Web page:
Free Initial Consultation

Call us on 1800 251 800 or use the form below

Your Name (required)

Please leave this field empty.

Your Email (required)

Your Phone (required)

What Happened

Preferred Contact

Please leave this field empty.Please leave this field empty.

Personal Injury & Compensation Lawyers Sydney:Home>Compensation>Employment Law>Employers>Compliance and Enforcement
Compliance and Enforcement 2018-09-12T14:47:22+00:00

Compliance and Enforcement

Compliance and enforcement obligations under the FW Act impose obligations on certain persons and civil remedies may be sought in relation to contraventions of these civil remedy provisions, which can include: contraventions of National Employment Standards provisions; modern awards; enterprise agreements; method and frequency of payment; equal remuneration orders; general protection and unfair dismissal matters; and cost orders to name but a few.

At Stacks Goudkamp you can draw on our capability, knowledge and expertise regarding FW Act compliance and enforcement obligations to help guide, advise and support you and your business in identifying the steps to be taken in dealing with any enforcement issues initiated by employees, employee organisations (i.e. unions) or the Fair Work Ombudsman.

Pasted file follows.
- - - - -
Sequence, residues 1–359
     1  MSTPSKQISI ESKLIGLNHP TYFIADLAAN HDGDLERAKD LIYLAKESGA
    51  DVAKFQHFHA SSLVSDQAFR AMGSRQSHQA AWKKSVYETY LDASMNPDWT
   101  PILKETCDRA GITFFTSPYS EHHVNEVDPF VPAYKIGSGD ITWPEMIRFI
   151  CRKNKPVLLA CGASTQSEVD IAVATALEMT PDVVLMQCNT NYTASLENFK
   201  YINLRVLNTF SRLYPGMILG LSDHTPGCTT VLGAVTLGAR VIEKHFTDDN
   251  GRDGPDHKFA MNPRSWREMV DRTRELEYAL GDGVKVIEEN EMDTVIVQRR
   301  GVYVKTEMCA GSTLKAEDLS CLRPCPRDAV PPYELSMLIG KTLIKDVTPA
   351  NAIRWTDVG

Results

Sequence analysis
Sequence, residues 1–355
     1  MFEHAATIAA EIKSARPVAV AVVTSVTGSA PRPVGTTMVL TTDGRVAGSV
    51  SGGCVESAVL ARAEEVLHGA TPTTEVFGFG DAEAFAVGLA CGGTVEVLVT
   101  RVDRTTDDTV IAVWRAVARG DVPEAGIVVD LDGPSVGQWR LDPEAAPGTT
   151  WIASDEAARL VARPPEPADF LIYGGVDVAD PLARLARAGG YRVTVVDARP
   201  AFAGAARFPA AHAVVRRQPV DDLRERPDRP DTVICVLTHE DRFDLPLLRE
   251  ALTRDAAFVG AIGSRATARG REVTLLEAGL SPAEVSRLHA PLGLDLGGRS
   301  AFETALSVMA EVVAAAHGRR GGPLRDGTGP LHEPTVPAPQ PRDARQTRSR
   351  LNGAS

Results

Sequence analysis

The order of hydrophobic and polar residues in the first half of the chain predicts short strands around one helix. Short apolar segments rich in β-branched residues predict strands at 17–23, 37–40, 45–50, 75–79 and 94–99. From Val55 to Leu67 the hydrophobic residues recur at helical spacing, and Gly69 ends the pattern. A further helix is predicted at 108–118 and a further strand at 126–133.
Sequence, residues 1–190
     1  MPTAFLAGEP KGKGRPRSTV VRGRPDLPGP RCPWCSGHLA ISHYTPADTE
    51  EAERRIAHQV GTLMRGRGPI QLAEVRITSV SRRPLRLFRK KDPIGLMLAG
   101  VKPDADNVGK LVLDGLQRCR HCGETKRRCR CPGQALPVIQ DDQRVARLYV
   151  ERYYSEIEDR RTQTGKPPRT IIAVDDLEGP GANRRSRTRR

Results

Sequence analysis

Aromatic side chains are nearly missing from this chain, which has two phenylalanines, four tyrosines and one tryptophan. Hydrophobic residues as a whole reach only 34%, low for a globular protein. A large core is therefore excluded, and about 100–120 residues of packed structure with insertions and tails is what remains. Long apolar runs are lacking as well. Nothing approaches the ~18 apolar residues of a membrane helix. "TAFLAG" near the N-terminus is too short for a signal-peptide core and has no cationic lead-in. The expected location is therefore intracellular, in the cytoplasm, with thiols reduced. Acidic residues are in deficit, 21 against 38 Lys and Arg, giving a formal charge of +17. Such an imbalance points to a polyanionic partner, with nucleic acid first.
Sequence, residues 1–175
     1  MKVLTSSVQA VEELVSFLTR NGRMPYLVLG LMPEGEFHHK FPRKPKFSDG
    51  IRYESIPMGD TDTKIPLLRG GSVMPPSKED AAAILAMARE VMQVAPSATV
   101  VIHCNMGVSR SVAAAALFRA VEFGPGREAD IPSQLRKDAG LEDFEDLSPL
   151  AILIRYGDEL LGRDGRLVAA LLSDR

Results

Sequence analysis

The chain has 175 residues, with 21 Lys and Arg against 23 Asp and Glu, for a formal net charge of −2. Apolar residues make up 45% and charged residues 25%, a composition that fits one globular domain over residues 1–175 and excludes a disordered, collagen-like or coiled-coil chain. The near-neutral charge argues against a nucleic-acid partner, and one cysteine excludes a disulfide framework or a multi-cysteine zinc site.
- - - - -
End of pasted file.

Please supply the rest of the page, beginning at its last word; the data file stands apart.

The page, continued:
As a reminder for business, the Federal Court of Australia, the Federal Circuit Court or an eligible State or Territory court may, on application, order a person to pay a pecuniary penalty that the court considers appropriate, if the court is satisfied that on balance, the person has contravened a civil remedy provision in the FW Act. If the relevant person is a body corporate (i.e. company or corporation) then the pecuniary penalty must not be more than 5 times the maximum number of penalty units referred to in compliance and enforcement obligations under the FW Act. This could mean that a company in breach of civil penalty provisions as defined under the FW Act may be liable be liable for a maximum civil penalty of 300 penalty units (i.e. equivalent to $63,000) per breach from 1 July 2017 and up to $12,600 per breach for an individual (like a director or manager) with direct involvement in the breach.